The Quantum Flagship, which is being officially launched today in Vienna, is one of the most ambitious long-term research and innovation initiatives of the European Commission. It is funded under the Horizon 2020 programme, and will have a budget of €1 billion over the next ten years.
The Quantum Flagship is the third large-scale research and innovation initiative of this kind funded by the European Commission, after the Graphene Flagship – of which the University of Cambridge is a founding partner – and the Human Brain Project. The Quantum Flagship work in Cambridge is being coordinated by Professor Mete Atature of the Cavendish Laboratory and Professor Andrea Ferrari, Director of the Cambridge Graphene Centre.
Quantum technologies take advantage of the ability of particles to exist in more than one quantum state at a time. A quantum computer could enable us to make calculations that are well out of reach of even the most powerful supercomputers, while quantum secure communication could power ‘unhackable’ networks made safe by the laws of physics.
The long-term research goal is the so-called quantum web, where quantum computers, simulators and sensors are interconnected via quantum networks, distributing information and quantum resources such as coherence and entanglement.
The potential performance increase resulting from quantum technologies may yield unprecedented computing power, guarantee data privacy and communication security, and provide ultra-high precision synchronisation and measurements for a range of applications available to everyone, locally and in the cloud.
The new Quantum Flagship will bring together academic and industrial partners, with over 500 researchers working on solving these problems, and help turn the results into technological opportunities that can be taken up by industry.
In close partnership with UK, Italian, Spanish, Swedish universities and companies, Cambridge will develop layered quantum materials and devices for scalable integrated photonic circuits, for applications in quantum communication and networks.
Cambridge is investigating and refining layered semiconductors just a few atoms thick, based on materials known as transition metal dichalcogenides (TMDs). Certain TMDs contain quantum light sources that can emit single photons of light, which could be used in quantum computing and sensing applications.
These quantum light emitters occur randomly in layered materials, as is the case for most other material platforms. Over the past three years, the Cambridge researchers have developed a technique to obtain large-scale arrays of these quantum emitters in different TMDs and on a variety of substrates, establishing a route to build quantum networks on compact chips. The Cambridge team has also shown how to electrically control emission from these devices.
Additionally, the researchers have found that TMDs can support complex quasi-particles, called quintons. Quintons could be a source of entangled photons - particles of light which are intrinsically linked, no matter how far apart they are - if they can be trapped in quantum emitters.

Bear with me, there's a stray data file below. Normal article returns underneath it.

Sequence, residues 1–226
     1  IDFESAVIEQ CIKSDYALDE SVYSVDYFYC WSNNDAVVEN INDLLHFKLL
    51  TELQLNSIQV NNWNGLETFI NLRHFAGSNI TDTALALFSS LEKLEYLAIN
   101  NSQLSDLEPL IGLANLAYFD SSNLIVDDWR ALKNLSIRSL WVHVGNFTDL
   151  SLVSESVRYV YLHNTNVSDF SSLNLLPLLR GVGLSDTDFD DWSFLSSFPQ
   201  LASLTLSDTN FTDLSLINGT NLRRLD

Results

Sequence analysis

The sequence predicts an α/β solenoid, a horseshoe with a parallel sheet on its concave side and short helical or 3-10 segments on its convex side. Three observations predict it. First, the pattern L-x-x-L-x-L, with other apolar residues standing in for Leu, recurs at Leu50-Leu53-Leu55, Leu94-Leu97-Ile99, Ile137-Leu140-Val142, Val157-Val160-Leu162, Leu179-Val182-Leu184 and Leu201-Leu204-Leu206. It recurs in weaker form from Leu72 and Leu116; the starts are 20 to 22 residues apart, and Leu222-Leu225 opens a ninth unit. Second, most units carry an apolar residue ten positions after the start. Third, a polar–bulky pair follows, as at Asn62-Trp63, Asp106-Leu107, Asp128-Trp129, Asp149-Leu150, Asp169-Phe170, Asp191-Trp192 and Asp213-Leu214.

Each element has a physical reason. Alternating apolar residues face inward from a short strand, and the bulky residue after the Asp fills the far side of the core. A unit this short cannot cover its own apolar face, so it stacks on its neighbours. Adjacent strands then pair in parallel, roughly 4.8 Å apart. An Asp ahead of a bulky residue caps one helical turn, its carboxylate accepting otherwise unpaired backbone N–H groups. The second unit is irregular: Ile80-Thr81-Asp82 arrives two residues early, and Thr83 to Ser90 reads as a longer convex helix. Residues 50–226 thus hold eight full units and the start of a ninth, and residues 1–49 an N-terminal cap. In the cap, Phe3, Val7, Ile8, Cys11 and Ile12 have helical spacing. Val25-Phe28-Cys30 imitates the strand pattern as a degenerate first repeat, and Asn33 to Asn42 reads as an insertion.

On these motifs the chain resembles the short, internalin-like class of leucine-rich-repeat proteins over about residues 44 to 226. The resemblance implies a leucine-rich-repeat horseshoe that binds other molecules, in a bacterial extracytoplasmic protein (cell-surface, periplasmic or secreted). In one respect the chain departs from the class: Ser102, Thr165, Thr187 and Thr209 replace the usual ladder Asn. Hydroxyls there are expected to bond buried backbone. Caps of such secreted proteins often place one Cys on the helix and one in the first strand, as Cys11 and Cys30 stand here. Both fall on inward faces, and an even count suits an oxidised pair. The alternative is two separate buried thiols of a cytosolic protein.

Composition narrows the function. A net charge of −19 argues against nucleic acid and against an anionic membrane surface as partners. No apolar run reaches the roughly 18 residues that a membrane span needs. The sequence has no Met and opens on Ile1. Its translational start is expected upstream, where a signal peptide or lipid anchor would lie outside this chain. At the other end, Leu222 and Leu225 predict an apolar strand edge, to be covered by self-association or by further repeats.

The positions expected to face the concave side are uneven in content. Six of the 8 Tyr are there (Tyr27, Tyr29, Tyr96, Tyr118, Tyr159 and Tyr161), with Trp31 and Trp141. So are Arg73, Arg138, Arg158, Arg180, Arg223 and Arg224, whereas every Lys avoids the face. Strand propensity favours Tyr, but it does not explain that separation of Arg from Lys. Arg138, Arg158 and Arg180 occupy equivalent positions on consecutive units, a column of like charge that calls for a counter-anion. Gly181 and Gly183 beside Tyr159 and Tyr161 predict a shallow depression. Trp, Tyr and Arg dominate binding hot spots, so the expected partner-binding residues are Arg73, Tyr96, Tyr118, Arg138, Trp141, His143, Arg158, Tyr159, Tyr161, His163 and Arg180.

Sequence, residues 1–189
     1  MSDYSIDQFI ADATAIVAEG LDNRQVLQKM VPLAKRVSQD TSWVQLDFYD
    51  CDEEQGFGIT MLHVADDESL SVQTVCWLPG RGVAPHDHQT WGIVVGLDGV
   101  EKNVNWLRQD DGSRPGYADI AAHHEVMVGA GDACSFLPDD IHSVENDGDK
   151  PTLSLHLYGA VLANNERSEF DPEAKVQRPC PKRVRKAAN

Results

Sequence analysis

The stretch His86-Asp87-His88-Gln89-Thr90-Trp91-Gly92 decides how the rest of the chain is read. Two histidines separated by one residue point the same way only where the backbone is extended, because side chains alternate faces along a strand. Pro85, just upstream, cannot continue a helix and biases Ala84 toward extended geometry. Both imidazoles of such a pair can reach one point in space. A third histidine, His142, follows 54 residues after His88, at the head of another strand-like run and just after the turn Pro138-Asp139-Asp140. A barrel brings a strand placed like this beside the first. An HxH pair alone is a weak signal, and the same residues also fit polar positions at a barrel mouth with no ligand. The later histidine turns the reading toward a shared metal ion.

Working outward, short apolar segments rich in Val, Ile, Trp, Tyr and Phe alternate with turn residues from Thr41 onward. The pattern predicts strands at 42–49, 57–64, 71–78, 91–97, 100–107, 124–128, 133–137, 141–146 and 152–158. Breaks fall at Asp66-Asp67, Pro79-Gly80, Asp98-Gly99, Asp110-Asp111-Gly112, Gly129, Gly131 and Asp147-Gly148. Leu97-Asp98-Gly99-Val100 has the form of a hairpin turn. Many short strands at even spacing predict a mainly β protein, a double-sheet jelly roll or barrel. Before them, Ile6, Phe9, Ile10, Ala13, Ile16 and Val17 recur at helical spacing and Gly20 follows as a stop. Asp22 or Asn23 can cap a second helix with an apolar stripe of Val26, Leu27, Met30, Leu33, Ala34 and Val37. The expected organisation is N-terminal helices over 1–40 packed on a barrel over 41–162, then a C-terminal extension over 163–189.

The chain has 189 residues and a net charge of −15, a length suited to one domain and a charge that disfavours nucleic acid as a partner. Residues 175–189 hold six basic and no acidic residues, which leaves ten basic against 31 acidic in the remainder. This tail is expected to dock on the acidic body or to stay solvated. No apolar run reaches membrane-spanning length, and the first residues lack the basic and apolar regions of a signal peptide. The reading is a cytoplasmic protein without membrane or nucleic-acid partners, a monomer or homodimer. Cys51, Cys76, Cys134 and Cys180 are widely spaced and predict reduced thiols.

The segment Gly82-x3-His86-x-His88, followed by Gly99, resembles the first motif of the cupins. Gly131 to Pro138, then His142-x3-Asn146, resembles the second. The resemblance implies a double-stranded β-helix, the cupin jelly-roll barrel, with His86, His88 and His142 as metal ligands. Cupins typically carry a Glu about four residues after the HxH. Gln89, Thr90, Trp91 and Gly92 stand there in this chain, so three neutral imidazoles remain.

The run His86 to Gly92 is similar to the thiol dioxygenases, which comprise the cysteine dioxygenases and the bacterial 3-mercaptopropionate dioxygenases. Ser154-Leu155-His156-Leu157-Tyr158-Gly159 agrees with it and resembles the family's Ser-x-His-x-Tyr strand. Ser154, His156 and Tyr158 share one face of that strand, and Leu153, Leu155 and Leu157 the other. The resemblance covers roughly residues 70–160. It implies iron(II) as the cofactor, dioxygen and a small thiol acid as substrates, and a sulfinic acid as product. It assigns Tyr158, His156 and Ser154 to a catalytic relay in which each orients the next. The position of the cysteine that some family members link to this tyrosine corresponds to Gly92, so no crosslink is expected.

These findings are the basis of the work being done in the Quantum Flagship, aimed at the development of scalable on-chip devices for quantum integrated photonic circuits, to enable secure quantum communications and quantum sensing applications.
“Our goal is to bring some of the amazing properties of the layered materials platform into the quantum technologies realm for a number of applications,” said Atature. “Achieving compact integrated quantum photonic circuits is a challenge pursued globally and our patented layered materials technology offers solutions to this challenge. This is a great project that combines quantum physics, optoelectronics and materials science to produce technology for the future.”
“Quantum technology is a key investment area for Europe, and layered materials show great promise for the generation and manipulation of quantum light for future technological advances,” said Ferrari. “The Graphene Flagship led the way for these large European Initiatives, and we are pleased to be part of the new Quantum Flagship. The Flagships are the largest and most transformative investments in research of the European Union, and will cement the EU leadership in future and emerging technologies.”
Andrus Ansip, Commission Vice-President for the Digital Single Market, said: “Europe is determined to lead the development of quantum technologies worldwide. The Quantum Technologies Flagship project is part of our ambition to consolidate and expand Europe's scientific excellence. If we want to unlock the full potential of quantum technologies, we need to develop a solid industrial base making full use of our research.”
Inset images: Mete Atature and Andrea Ferrari; Artist’s impression of on-chip quantum photonics architecture with single photon sources and nonlinear switches on optical waveguides, credit Matteo Barbone.
The University of Cambridge is a partner in the €1 billion Quantum Flagship, an EU-funded initiative to develop quantum technologies across Europe.
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